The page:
|Sanford Sylvan and Sol Kim Bentley star in Opera Boston's production of "Cardillac." (Wendy Maeda/Globe Staff)|
Golden moment has arrived
A tale of murder, 'Cardillac' set for Boston premiere
“A lover who is afraid of thieves is not worthy of love.’’ That single quote would eventually yield Paul Hindemith’s 1926 opera “Cardillac,’’ which Opera Boston will stage at the end of the month, in its belated Boston premiere. The line was attributed to the 17th-century writer Madeleine de Scudéry, whose classically disguised romans à clef reimagined the leading personalities of Louis XIV’s France as figures of antiquity. But “Cardillac’’ collapses historical distance, the combination of its curious story and its unorthodox telling creating an uneasy immediacy.
It was E.T.A. Hoffmann, the great 19th-century storyteller, who chanced across Scudéry’s aphorism and fashioned an entire tale around it; “Mademoiselle de Scudéri’’ was, essentially, a mystery novel, with the elderly lady novelist as an unlikely detective. Hoffmann saturated the story with Romantic disquiet: a series of murders, a baffled police force, a Star-Chamber special commission that sows more terror than it prevents. But it was the murderer that most captured the imagination: Cardillac, the brilliant goldsmith so reluctant to part with his creations that he kills their owners in order to steal them back. The singular character drives the story, a story “about celebrity,’’ notes Gil Rose, Opera Boston’s artistic director, “the fall of celebrity, the expectations of celebrity.’’
Hindemith and his librettist, Ferdinand Lion, stripped that story down to its Expressionist core. Still nominally set in 17th-century Paris, the opera also breathes the air of the post-World War I Weimar Republic. Cardillac is musically shadowed by a tenor saxophone; a bit of tavern music is anachronistically jazzy and brittle. Hindemith had gained notoriety with such cheeky appropriations — in the 1920s, he was fully engaged in “the race to the top of the bad-boy heap,’’ as Rose puts it.
But “Cardillac’’ also reveals a composer determined to carve out his own sound. “Even people at the time weren’t writing music like this,’’ Rose says. Hindemith was moving from provocative stylistic graffiti to a trenchant neo-Classicism that came to be known as the “New Objectivity’’; in “Cardillac,’’ the New Objectivity bares razor-sharp claws. The old-fashioned architecture ironically escorts the plot’s expressionism: a love scene derails into incongruously polite counterpoint; one pivotal attack happens in complete silence, as if to demonstrate the score’s pointed indifference. Hindemith also, perhaps, identified with his title character, the extremes to which he went in order to keep his art autonomous.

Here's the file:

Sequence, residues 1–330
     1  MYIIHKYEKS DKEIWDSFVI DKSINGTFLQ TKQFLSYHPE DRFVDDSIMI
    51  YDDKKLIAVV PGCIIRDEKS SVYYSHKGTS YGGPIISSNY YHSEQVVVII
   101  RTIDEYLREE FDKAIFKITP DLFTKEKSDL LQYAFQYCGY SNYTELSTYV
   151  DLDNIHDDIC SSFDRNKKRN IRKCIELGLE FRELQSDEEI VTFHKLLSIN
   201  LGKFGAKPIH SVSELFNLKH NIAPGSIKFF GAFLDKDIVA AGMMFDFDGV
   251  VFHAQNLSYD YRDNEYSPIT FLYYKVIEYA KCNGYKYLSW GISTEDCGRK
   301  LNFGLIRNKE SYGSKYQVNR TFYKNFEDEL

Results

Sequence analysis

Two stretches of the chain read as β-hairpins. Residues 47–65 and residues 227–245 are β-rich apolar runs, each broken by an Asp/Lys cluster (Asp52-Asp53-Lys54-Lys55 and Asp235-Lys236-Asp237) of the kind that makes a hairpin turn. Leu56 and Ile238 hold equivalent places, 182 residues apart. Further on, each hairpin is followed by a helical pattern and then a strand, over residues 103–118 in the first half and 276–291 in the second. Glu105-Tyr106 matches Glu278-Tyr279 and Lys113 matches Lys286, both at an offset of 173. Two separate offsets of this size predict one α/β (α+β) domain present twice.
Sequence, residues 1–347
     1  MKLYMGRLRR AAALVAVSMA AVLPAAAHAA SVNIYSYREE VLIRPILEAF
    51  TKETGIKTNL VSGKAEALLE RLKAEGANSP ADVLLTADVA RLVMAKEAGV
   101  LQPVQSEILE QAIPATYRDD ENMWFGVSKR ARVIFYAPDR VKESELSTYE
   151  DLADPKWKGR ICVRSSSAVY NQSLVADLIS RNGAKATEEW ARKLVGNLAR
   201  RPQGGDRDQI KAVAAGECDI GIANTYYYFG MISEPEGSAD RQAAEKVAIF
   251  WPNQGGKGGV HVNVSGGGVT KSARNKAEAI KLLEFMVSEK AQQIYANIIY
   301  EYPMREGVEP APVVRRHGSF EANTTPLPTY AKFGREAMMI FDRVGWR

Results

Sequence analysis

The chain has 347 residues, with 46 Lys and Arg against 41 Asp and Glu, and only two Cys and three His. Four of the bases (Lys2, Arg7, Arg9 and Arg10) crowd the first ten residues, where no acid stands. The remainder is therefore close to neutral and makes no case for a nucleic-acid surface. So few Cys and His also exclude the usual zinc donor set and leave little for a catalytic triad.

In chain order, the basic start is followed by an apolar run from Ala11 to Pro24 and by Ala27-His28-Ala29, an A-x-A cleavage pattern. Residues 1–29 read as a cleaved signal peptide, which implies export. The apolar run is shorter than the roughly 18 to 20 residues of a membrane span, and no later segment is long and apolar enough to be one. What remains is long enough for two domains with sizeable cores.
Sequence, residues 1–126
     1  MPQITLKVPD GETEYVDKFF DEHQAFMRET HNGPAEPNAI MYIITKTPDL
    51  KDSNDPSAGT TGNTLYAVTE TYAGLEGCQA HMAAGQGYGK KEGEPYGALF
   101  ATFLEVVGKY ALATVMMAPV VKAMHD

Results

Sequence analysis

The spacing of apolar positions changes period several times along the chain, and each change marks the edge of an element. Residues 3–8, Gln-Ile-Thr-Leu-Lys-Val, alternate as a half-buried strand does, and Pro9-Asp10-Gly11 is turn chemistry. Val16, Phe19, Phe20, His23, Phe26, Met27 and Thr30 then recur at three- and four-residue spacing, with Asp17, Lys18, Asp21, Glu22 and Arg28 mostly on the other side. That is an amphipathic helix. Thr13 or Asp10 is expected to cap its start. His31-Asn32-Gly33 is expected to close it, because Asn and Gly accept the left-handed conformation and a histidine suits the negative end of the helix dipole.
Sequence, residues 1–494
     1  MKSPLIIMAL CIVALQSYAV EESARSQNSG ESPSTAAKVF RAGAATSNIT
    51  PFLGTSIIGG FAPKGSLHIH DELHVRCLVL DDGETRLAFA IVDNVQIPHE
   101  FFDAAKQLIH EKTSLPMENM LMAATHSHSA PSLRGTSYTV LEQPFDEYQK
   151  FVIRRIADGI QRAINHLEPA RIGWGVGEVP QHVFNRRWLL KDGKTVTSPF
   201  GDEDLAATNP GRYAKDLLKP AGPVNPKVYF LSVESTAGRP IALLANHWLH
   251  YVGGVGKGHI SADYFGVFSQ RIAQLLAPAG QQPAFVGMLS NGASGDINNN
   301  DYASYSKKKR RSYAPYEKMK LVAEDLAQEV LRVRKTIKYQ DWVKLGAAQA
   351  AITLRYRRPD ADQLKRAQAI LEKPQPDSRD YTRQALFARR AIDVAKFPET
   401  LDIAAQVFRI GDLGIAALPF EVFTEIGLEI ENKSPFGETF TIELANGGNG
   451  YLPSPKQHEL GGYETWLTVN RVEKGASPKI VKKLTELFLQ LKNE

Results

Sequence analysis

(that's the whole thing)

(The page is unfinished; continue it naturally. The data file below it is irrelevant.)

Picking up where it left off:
Throughout the 1920s, Hindemith sought — not always successfully — to avoid politicized art, to resist the pressures of right and left alike to appropriate art in order to advance their vision of a future Germany. The ambivalence of Cardillac’s character reflected the era’s dangerous fluidity. “There’s these despicable, awful aspects, but also very human aspects, and it’s never really resolved,’’ Rose says. “That was Germany at the time — they didn’t know which way to turn.’’
After another war and a period of exile in the United States, Hindemith reconsidered his antihero. He revised “Cardillac’’ in later life, smoothing over some of its avant-garde edges, making it more of a period piece (Hindemith added a fourth act, drawing on music by Lully), and, crucially, making the title character less diabolically fascinating and more of a common criminal.
Hindemith wanted his artist-protagonist to reflect his own artistic priorities, and his priorities had changed. Concert music had become less important to him than promoting music-making as a common component of everyday life; Hindemith preferred that people take music for their own use, to, in essence, steal music back from the concert hall. Cardillac, once a symbol of artistic independence, now seemed to Hindemith an artist afraid of having his work stolen and — in Scudéry’s calculus — no longer worthy of love.
But to return to the original version of “Cardillac,’’ as Opera Boston will — a piece of theater that “must have knocked people’s heads off,’’ Rose muses — erases the buffer Hindemith built into his revision. Hoffmann’s glittering 17th-century paranoia, filtered through Hindemith’s 20th-century cool, starts to feel awfully familiar and contemporary, its tension between art and culture and power, its rigid categories purposefully oblivious to chaos and violence, its shocking banalities and banal shocks. “Cardillac’’ has finally made it to Boston, but it’s not quite right to say that its time has come: Its time has been there all along.
Matthew Guerrieri can be reached at email@example.com.